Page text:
HerDay: What does a data strategist do all day?

Hello, I’m Edafe and I’m a data strategist.

My work involves helping organisations get the best out their data by focusing less on technology and more on what they really need to succeed: people, culture, and clarity. Then I help them combine best-fit technology with good practice and digital skills training. And I do all this without the tech-speak.

Being a woman in STEM and an independent consultant, I aim to be a scenius – someone involved in creating startling, delightful, and useful innovation with others (a communal genius if you will).

That’s why today I’m sharing my “day in the life of”, because it’s part of my practice. I’m inspired by others and I’m paying that forward.

Join me throughout the day for updates and conversation here or tweet me.

5am – 6am
I’m an early bird so the first thing I do is make a cuppa. Now it’s time to contemplate my calendar and to-do list. I have a couple of meetings spaced out during the day, several forms to post, a client report to finish, an article on Leeds digital technology to tidy up and this mostly-live blog.

Oh, I’m also making breakfast and my partner Alex’s meals for the day. I’m going to need another cuppa.

6am- 7am
With my task list organised, I’m tracking my earnings. As a small business, I need to keep on top of my cash flow. Do I have outstanding invoices to chase up? Have all bills been paid? How am I doing for income this week?

Balancing work that sets you up for the next paying project with with volunteering on things you love and actual paying work is tricky. I aim to perfect this balance by tracking and analysis. One day, this will be second nature. It doesn’t take long because I do it daily.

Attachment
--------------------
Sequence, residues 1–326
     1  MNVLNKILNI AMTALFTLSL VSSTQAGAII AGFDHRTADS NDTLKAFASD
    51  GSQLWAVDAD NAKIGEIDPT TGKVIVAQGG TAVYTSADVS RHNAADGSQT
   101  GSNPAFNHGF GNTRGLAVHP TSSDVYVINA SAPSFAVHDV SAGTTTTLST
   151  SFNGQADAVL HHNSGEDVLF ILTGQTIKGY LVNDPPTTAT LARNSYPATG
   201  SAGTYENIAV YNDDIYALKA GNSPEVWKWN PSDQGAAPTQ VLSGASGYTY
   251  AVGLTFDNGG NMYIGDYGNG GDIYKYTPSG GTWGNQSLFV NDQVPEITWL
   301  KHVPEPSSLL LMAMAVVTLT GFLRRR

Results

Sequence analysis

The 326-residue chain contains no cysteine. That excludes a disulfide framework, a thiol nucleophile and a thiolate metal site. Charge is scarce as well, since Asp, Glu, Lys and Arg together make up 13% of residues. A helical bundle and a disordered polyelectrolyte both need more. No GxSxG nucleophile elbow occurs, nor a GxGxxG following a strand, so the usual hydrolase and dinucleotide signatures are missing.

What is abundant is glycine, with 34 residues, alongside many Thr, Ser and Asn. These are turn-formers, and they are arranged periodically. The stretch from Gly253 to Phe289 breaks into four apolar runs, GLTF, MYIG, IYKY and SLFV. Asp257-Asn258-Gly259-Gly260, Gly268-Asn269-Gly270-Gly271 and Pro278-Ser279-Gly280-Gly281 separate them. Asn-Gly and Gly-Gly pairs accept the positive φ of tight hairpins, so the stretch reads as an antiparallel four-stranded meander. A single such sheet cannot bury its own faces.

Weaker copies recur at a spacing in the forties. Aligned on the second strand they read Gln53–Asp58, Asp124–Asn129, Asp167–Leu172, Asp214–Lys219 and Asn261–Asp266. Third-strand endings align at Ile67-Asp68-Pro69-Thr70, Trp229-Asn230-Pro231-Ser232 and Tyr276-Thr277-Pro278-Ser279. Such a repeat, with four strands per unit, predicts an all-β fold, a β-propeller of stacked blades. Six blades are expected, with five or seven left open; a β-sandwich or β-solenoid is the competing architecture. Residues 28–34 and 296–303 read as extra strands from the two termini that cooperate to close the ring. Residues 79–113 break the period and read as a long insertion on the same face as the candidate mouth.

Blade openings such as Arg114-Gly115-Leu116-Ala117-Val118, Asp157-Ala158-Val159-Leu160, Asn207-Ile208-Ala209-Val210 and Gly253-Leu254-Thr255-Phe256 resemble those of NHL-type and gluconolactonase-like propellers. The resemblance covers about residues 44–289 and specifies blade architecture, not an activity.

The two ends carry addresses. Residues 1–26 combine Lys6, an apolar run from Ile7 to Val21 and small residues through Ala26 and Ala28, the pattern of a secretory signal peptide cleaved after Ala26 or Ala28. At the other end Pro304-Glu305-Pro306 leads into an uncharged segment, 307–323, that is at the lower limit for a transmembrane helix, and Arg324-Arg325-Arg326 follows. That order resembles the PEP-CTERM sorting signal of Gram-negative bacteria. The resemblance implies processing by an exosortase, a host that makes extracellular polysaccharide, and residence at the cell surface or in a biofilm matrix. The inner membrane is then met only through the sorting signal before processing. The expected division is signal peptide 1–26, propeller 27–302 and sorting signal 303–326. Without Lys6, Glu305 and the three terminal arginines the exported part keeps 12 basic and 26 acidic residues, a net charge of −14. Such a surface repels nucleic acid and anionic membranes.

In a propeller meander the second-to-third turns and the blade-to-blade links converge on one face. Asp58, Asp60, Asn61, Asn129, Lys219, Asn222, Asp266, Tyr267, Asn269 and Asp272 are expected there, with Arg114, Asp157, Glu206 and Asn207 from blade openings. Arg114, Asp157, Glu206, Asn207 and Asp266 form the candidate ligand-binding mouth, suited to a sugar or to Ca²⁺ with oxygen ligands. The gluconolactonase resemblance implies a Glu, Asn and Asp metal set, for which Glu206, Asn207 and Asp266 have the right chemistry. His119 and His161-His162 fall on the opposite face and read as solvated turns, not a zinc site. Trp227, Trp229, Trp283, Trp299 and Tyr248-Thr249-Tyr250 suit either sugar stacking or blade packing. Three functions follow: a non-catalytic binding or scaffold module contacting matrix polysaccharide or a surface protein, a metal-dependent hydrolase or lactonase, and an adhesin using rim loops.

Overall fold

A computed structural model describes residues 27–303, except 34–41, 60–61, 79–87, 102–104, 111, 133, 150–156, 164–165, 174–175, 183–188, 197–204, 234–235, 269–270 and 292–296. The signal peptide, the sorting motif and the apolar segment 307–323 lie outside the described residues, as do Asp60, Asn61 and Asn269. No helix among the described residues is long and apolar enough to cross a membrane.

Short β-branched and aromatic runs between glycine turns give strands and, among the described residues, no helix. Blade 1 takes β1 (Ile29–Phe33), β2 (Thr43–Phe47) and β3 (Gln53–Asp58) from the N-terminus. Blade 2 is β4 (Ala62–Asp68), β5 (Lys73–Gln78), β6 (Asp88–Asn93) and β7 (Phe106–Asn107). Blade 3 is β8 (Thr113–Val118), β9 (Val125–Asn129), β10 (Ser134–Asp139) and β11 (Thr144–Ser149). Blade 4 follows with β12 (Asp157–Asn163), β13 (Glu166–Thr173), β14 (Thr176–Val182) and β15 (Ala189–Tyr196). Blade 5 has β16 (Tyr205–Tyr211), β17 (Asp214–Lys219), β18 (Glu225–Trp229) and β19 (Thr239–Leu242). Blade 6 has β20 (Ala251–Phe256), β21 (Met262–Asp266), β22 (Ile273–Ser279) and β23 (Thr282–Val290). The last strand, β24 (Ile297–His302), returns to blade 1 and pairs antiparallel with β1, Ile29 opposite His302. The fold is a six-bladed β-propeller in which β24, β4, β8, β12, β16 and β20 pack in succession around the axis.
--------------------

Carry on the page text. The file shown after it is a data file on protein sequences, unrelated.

7am- 8am
Now, I’m feeding my brain some inspiration. I may work in technology but I’m also a creative. Ensuring I’m inspired first thing sets me up for the day. It’s part of my ritual, like Richard Eaton’s The 10 Daily Rituals That Work For Me.

Today, I’m reading Show Your Work! by Austin Kleon, an artist and inspirational visual author. Stepping outside my domain is a great way to shake up my neurons.

8am- 10am
The first 3 hours of the day have been preparing myself to be productive. The next 2 hours are about maximising that productivity in 15 minute chunks. A quick trip to the postbox and I’m done with forms. On to the paid project.

I’ve met this small firm twice so far. They want to expand their operations but their knowledge is in Excel spreadsheets and people’s heads. This is a familiar situation with small firms but in this case, they are eager to move forward and happy to invest time in doing so. The time investment is important as I run a collaborative consultancy: to get the best out, we both put our best in.

I’m spending a good chunk of time going over my notes and completing a model similar to the Business Model Canvas. This acts as a checklist so I don’t forget anything, is highly visual and written in plain English. The added bonus is I can send it to the client as a visual progress report. Which I do at 9:45. It’s time to get ready for my first meeting.

10am – 11am
I’m meeting with Olof, Thomas and Karina from Dreamler, a startup behind a visual planning tool. As a visual learner, I’m quite taken with their product. I got in touch via the website, it’s great speaking to a founder face-to-face and finding points of connection. Face-to-face, even by Skype beats email and feeds into another important aspect of my practice: collaboration. The meeting has ended with some action points and a lots of ideas. I’m now writing up a to-do list and scanning my notes into Evernote with my iPad. A little bit of prep work that pays off in the long run. Next up, emails.